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Latin and Europe

in copies dating from the ninth century as a result of the prompting
of Charlemagne and those around him. In other cases the oldest
surviving manuscript is as late as the ¬fteenth century, when the
classical enthusiasts of the Renaissance made systematic searches
for old manuscripts and had them copied.
The fact that someone makes a parchment manuscript is no guar-
antee that it is going to survive for ever. It can become worn if it is
frequently handled, and can be damaged by damp or ¬‚oods. Fire has
deprived us of many manuscripts. Sometimes their owners have used
them for book covers or some other everyday purpose. Sometimes,
too, people have erased all the writing on the pages with a scraper or
a suitable chemical and have then written a new text on top, creating
what is called a palimpsest. In this case it is occasionally possible to
restore what was originally there, and a number of ancient texts have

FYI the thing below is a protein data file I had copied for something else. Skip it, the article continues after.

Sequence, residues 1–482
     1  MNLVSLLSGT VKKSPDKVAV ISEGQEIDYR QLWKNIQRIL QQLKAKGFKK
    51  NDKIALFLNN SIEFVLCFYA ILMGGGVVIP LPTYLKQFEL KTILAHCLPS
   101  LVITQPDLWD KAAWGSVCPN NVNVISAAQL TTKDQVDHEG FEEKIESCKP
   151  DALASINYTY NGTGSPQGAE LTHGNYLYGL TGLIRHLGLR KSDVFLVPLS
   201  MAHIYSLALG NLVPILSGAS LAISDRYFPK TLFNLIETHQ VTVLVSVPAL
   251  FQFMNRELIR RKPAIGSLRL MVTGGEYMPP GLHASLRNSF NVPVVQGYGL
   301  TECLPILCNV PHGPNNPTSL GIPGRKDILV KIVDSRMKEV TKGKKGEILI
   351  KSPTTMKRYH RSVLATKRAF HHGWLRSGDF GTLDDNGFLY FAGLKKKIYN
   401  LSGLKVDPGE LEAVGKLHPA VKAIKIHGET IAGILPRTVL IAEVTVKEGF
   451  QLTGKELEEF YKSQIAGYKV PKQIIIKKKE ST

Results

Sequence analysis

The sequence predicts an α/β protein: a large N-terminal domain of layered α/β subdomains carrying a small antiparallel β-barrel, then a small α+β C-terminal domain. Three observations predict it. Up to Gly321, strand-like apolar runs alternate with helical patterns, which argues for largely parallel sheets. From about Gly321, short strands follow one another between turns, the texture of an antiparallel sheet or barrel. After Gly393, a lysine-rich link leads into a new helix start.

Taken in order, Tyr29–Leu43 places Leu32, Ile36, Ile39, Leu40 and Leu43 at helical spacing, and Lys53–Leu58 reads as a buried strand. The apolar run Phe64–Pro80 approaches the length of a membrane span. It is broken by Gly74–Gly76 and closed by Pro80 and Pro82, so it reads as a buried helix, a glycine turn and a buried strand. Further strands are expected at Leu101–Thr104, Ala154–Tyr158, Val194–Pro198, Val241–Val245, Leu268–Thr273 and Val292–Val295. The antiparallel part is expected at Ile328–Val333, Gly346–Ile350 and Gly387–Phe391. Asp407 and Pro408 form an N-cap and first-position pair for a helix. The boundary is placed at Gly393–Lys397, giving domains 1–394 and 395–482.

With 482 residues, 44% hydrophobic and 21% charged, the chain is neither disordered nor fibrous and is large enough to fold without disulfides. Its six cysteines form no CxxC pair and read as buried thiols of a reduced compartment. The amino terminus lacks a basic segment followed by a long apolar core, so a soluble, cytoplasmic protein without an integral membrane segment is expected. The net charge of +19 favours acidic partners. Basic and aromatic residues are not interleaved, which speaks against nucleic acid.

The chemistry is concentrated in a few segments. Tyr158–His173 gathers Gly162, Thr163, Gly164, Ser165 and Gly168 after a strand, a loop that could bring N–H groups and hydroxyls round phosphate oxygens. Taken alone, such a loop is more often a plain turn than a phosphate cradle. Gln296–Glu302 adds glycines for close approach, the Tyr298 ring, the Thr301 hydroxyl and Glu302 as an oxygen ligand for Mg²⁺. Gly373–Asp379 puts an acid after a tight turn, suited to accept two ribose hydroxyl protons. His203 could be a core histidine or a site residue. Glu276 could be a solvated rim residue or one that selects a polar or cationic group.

been rediscovered in this way. Of course, the oldest manuscripts have
seldom been preserved, but we still have many Latin manuscripts
anyway. No one to my knowledge has tried to count them, but there
are probably several hundred thousand still in existence.Today most
of them are in libraries or archives. The greatest collections, such as
those in the library of the Vatican, the British Library or the
Bibliothèque Nationale in Paris, number their manuscripts in tens of
The vast majority were produced by church scribes, mostly in the
monasteries. The transition to parchment took place at about the
same time as Christianity established itself in the Roman empire,
and it seems that it was mainly the Christians who used the new
technques right from the start. Hence, it is no accident that a large
percentage of the surviving manuscripts are copies of books that
were important for the Church: the texts of the services and prayers,
the gospels and the Psalter, collections of hymns, and so forth.
Obviously too there were many complete bibles, commentaries on
the books of the Bible, writings of the Church Fathers and other
Christian literature which we will come back to later.
But all the other Latin that we have from the earliest period right
down to the invention of printing, except for the inscriptions, is in

A natural history of Latin

manuscript, whether it is Christian or not, and one may well ask why
the monks bothered at all to copy anything that did not relate to
Christianity in some way. The answer is that this was a conscious
choice from the beginning of the monastic system in late antiquity.